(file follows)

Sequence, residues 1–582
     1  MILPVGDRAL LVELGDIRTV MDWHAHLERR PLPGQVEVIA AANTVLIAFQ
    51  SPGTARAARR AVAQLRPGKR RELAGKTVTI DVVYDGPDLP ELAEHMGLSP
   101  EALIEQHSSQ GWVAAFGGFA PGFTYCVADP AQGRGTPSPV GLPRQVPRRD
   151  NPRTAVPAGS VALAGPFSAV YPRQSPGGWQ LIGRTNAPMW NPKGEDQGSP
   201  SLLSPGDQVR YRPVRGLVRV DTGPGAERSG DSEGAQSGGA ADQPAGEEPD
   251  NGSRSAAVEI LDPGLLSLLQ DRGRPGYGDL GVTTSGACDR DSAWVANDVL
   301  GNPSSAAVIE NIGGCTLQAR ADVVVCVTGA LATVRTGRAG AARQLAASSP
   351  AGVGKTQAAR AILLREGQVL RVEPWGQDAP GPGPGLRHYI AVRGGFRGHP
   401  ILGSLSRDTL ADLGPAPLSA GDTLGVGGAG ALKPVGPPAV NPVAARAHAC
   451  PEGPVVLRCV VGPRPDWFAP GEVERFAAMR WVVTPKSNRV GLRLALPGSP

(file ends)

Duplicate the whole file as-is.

Sequence, residues 1–582
     1  MILPVGDRAL LVELGDIRTV MDWHAHLERR PLPGQVEVIA AANTVLIAFQ
    51  SPGTARAARR AVAQLRPGKR RELAGKTVTI DVVYDGPDLP ELAEHMGLSP
   101  EALIEQHSSQ GWVAAFGGFA PGFTYCVADP AQGRGTPSPV GLPRQVPRRD
   151  NPRTAVPAGS VALAGPFSAV YPRQSPGGWQ LIGRTNAPMW NPKGEDQGSP
   201  SLLSPGDQVR YRPVRGLVRV DTGPGAERSG DSEGAQSGGA ADQPAGEEPD
   251  NGSRSAAVEI LDPGLLSLLQ DRGRPGYGDL GVTTSGACDR DSAWVANDVL
   301  GNPSSAAVIE NIGGCTLQAR ADVVVCVTGA LATVRTGRAG AARQLAASSP
   351  AGVGKTQAAR AILLREGQVL RVEPWGQDAP GPGPGLRHYI AVRGGFRGHP
   401  ILGSLSRDTL ADLGPAPLSA GDTLGVGGAG ALKPVGPPAV NPVAARAHAC
   451  PEGPVVLRCV VGPRPDWFAP GEVERFAAMR WVVTPKSNRV GLRLALPGSP